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What have pension funds done to go green? asks UK Parliament decarbonisation inquiry

New inquiry will consider cross departmental strategy to decarbonise economy

The UK Parliament’s Treasury Select Committee is to consider the role of green investments, regulators and the financial sector as a whole in the decarbonisation of the economy as part of an inquiry announced today.

“What steps have UK banks, asset managers, and pension funds taken to ‘green’ their business models, investments strategies and balance sheets, taking in to account climate and transition risks?” the committee asks.

A letter from Committee Chair Nicky Morgan to the Treasury asks if the department’s approach to decarbonisation is “fit for purpose” — and she is seeking a response by July 1. The committee will take oral evidence from Treasury ministers over the Summer recess.

The context for the inquiry is the recent Net Zero report from government advisory group the Climate Change Committee (CCC) and the Parliament declaring a climate change emergency last month — as well as Extinction Rebellion blocking the streets.

Through the inquiry, the influential committee – which scrutinises the operations of the Treasury (finance ministry) – aims to position the UK to take advantage of decarbonisation to support job creation and economic growth which is “just” and regionally balanced.

The wide-ranging inquiry will address a number of key issues in the scaling up of green finance, including regulatory and other barriers faced by the financial sector in delivering green finance, consumer demand for green financial products, preventing “greenwash” and the progress of the financial sector in “greening” their operations.

The Committee will also consider how disclosure requirements of carbon emissions by public companies affect the ability of investors to allocate capital sustainably and the role of regulators – the Financial Conduct Authority (FCA) and the Prudential Regulation Authority (PRA) – in supporting decarbonisation of the financial system and among companies.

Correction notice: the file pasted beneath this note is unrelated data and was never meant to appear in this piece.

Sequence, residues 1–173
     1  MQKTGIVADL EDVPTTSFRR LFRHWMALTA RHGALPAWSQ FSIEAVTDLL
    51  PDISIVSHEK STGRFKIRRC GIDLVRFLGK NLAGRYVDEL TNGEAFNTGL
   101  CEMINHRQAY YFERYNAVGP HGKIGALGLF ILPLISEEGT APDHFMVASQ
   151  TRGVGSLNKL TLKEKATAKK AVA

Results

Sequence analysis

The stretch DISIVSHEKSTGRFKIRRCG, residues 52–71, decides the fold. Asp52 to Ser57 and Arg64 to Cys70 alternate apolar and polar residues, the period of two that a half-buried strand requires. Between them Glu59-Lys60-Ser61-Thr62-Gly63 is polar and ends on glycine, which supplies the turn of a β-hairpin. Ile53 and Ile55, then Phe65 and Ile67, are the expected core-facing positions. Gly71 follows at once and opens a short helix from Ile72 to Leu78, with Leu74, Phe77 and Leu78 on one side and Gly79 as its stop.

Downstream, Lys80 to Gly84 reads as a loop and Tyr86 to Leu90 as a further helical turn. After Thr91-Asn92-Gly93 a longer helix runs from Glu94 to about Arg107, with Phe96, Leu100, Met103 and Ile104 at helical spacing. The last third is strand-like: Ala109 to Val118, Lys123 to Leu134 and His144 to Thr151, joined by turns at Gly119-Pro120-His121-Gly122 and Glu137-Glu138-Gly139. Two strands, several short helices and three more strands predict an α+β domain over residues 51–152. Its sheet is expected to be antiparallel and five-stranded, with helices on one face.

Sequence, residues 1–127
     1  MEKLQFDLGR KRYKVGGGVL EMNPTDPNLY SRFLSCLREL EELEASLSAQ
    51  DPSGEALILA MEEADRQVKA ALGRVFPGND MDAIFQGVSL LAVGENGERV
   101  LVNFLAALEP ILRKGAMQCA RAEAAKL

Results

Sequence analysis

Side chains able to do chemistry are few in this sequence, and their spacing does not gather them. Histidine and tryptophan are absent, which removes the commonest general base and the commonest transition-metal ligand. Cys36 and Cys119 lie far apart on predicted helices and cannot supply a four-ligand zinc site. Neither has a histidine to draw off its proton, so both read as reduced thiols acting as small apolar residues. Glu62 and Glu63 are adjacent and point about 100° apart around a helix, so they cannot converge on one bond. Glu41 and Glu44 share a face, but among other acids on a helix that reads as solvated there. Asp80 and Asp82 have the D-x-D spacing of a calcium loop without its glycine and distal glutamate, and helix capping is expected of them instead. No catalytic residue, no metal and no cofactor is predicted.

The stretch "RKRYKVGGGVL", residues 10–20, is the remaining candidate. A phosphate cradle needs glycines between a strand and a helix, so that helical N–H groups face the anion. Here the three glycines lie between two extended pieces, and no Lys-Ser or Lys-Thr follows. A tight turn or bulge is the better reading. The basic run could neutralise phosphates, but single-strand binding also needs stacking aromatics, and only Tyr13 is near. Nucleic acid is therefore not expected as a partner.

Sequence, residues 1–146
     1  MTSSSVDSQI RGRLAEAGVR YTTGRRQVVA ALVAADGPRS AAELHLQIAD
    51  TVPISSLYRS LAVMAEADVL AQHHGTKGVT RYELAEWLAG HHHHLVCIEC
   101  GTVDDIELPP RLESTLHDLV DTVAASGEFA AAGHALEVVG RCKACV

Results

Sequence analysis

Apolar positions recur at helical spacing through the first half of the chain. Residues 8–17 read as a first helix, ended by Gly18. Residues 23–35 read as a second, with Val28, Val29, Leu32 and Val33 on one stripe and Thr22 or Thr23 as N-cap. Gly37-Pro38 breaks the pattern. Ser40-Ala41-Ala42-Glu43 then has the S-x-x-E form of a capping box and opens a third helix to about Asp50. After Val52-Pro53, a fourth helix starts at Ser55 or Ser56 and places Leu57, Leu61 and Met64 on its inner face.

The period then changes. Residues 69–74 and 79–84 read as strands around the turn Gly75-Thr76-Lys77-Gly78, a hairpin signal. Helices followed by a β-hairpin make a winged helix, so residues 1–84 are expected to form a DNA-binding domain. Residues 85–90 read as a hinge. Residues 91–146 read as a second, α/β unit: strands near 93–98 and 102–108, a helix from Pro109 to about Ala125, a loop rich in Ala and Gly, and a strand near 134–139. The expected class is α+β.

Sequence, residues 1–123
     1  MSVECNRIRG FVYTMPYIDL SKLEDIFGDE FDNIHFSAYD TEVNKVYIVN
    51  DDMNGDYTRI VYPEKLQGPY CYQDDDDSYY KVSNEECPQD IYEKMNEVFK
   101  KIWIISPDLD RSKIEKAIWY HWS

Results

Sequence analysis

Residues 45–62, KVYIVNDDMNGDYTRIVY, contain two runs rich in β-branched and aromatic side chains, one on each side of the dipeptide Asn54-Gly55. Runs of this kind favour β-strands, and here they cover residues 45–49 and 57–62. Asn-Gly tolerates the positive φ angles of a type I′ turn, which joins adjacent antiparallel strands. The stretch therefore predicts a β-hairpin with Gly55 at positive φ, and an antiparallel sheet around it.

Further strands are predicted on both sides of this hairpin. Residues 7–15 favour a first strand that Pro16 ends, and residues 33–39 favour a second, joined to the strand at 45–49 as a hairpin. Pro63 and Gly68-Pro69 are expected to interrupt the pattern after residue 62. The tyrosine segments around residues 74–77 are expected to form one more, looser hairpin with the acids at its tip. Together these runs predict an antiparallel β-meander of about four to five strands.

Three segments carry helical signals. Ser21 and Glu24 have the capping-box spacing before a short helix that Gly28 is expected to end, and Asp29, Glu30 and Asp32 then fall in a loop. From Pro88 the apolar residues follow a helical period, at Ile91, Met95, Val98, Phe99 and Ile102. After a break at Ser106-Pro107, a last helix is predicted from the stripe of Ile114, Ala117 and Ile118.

Despite the Committee’s Treasury-focused remit, the inclusion of green finance in the inquiry – an area not regulated by the department – will result in a comprehensive, cross-departmental assessment which will include Department for Business, Energy and Industrial Strategy (BEIS) and the Bank of England (BoE) who respectively oversee the FCA and PRA.The scope of the inquiry is especially pertinent considering work being carried out at the EU to create a sustainable finance taxonomy which addresses key concerns about “greenwashing” and improving investor access to relevant environmental data to encourage green investments.

“What steps have UK banks, asset managers, and pension funds taken to ‘green’ their business models, investments strategies and balance sheets?”

At the same time, the Conservative government, in partnership with the City of London, is working to position London as a hub for green finance with a strategy paper due to be published later this year by the Green Finance Institute.

Separately, the inquiry will also look at how the Treasury will fund government efforts to meet its carbon commitments under the Paris agreement and in the event it chooses to adopt a zero-emissions target by 2050 as recommended by the CCC.

The investigation was welcomed by UKSIF, the UK Sustainable Finance and Investment Association. Head of Public Policy Ben Nelmes said: “The Treasury has a key role in mobilising investment in new energy, transport and home heating, and financial regulators must ensure climate-related financial risks are adequately managed and people’s pensions and savings are protected.”

UKSIF has indicated that it will participate in the enquiry which will end on July 26, two days after parliament adjourns for the Summer recess.